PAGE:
As we prepare for the opening of the Learning Bridge the staff became certified in First Aid and CPR. Jennifer Hollingsworth and April Bath both EMTs instructed the entire staff on correct procedures and protocol in case of an emergency. Introducing the Learning Bridge Staff: Administrator Mary Flanagan, Assistant Administrator Heather McIntosh, Kindergarten Billie Coleman. 1st grade Julie Krch, 2nd grade Heidi Tokerud, 3rd grade Gina Kelly, 4th grade/6th grade Dave Guthrie, 5th grade Linda Montgomery, 4th/6th Dianne Wagers. (Courtesy photo)

As we prepare for the opening of the Learning Bridge the staff became certified in First Aid and CPR. Jennifer Hollingsworth and April Bath both EMTs instructed the entire staff on correct procedures and protocol in case of an emergency.
Introducing the Learning Bridge Staff: Administrator Mary Flanagan, Assistant Administrator Heather McIntosh, Kindergarten Billie Coleman. 1st grade Julie Krch, 2nd grade Heidi Tokerud, 3rd grade Gina Kelly, 4th grade/6th grade Dave Guthrie, 5th grade Linda Montgomery, 4th/6th Dianne Wagers. (Courtesy photo)

It’s been a long path, but for Ely’s Learning Bridge Charter School, the first day of classes will finally arrive. Sept. 3 The State Fire Marshal is scheduled to inspect the school on Aug. 30 with classes beginning the following Tuesday.

The school is located at 505 S. Great Basin Blvd. The Shoshone Tribal Council leased the building to the school.

“We are very excited that we have reached another goal towards opening a school of choice,” founder and committee member Julie Krch said. “The board has worked together as a team. The staff plans to model this teamwork concept at the school to teach our scholars that teamwork does pay off.”

The path to opening saw its share of twists and turns. The school was scheduled to open in the fall of 2012. But complications in finding an adequate building push the opening date back to 2013.

“We have had our ups and downs this past year,” Krch said. “Our largest was obtaining a facility. It was very difficult to find a building that could be retrofitted to become the safest building in White Pine County. The Methodist Church, USDA, Dru Damico and Mt. Wheeler Power all tried very hard to help us. We really appreciate all they did to keep our spirits high.”

Despite the long road to its opening day, Learning Bridge saw strong support from families around the community.

“The response from families has been tremendous,” Krch said. “We have found that many of our parents would like to see their scholars in a five-day setting. They feel that it is better for their child’s modality of learning. The parents are very supportive of our integrated curriculum and the way it naturally follows Common Core State Standards.”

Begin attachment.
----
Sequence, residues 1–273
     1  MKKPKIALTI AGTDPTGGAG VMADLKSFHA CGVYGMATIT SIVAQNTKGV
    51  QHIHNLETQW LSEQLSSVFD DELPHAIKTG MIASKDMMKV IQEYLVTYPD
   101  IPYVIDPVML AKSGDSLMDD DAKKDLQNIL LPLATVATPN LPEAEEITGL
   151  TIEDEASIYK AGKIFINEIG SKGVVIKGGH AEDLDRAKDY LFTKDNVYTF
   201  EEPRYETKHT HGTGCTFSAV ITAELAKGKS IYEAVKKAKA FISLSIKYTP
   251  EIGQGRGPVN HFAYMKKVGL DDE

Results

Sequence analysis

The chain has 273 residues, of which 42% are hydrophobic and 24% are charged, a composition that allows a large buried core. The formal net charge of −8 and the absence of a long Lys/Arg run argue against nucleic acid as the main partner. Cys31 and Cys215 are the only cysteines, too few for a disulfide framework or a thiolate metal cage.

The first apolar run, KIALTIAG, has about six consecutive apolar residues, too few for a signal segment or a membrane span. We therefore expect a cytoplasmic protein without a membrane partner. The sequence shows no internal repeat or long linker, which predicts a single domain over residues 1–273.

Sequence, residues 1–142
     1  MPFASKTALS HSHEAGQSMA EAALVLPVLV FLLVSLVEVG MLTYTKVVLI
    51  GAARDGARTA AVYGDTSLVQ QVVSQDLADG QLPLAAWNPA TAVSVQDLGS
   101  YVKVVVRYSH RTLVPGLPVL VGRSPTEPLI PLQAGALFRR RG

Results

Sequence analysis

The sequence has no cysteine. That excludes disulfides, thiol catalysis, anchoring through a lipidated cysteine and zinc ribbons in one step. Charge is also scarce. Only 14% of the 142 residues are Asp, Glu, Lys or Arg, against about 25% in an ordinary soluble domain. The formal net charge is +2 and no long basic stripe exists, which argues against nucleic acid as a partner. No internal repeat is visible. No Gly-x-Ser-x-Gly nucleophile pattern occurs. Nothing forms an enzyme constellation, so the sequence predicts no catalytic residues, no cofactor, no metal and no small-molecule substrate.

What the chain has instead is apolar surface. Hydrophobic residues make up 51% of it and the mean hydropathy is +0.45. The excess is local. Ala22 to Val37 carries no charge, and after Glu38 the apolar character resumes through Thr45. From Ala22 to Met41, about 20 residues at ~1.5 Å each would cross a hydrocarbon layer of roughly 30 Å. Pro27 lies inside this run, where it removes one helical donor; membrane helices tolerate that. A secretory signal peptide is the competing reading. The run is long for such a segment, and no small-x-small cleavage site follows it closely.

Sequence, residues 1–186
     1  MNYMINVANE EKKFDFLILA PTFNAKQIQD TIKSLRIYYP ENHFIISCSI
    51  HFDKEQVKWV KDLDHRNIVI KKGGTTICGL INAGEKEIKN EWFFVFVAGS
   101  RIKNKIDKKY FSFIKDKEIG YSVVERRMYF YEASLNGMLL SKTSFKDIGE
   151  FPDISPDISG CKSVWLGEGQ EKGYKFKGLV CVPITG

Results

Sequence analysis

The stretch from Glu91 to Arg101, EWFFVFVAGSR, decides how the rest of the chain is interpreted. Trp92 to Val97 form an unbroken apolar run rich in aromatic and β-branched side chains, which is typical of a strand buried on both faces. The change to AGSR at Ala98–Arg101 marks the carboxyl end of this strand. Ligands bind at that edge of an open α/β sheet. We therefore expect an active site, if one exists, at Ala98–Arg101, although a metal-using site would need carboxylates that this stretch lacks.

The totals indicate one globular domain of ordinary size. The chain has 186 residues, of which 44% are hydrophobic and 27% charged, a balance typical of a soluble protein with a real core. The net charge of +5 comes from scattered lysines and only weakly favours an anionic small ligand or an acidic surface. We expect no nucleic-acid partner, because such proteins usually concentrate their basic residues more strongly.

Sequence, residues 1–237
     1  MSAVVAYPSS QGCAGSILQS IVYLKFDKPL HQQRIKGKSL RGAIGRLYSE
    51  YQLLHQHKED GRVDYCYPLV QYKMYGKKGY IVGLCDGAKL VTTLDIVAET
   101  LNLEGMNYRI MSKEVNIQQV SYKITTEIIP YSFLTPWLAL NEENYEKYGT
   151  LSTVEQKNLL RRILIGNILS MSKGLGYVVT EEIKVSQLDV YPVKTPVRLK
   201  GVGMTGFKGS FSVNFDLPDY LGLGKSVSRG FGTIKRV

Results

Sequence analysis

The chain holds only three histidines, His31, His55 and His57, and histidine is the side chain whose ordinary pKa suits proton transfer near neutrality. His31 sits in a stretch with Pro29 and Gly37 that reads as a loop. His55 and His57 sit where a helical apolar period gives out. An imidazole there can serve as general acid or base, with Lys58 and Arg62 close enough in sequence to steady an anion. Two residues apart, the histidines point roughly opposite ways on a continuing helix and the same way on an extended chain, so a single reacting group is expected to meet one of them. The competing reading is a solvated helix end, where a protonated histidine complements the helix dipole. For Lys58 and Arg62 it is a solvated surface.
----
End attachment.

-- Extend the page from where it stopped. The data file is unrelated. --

Krch said the school’s staff has also shown strong support. The staff was involved in numerous activities from participating in community events, fundraising, attending board meetings, helping to organize classrooms and offices and assisting in keeping parents informed of the school’s progress.

“The administrator, administrative assistant and teachers who have joined us are extremely dedicated to the children of White Pine County,” Krch said. “Their commitment surpasses setting up their offices or classrooms the last week before school starts.”

Though this may be the school’s first year of operation, the staff is expecting the school to hit the ground running. That means providing activities beyond the classroom that appeal to a variety of interests.

“This year I see the implementation of an instrumental music program, after school activities such as 4-H, book clubs, chess clubs, arts and crafts, dance, Lego building and tutoring,” Krch said. “All will be available at different times throughout the year.”

Learning Bridge will also have active recess and physical education time. The school’s playground will feature activities like jump ropes, foursquare and more to work on students’ motor skills. Krch said the school is hoping to raise $25,000 for the equipment Future years will see the addition of seventh and eighth grades with a cap of 20 students per grade.

As Learning Bridge is set to open its doors to its students for the first time next week, the staff hopes the school can provide a quality alternative for families for years to come.

“Our hopes and expectations are to provide excellent educational opportunities for the students enrolled at Learning Bridge,” Krch said. “The Learning Bridge will cultivate a culture in the school to encourage learning and self-worth. The legislative intent is to encourage the use of different and innovative teaching methods. Our goal is to teach each child the way they learn best. Learning Bridge will be a community school. We are encouraging different entities to become involved in the enrichment of our students.”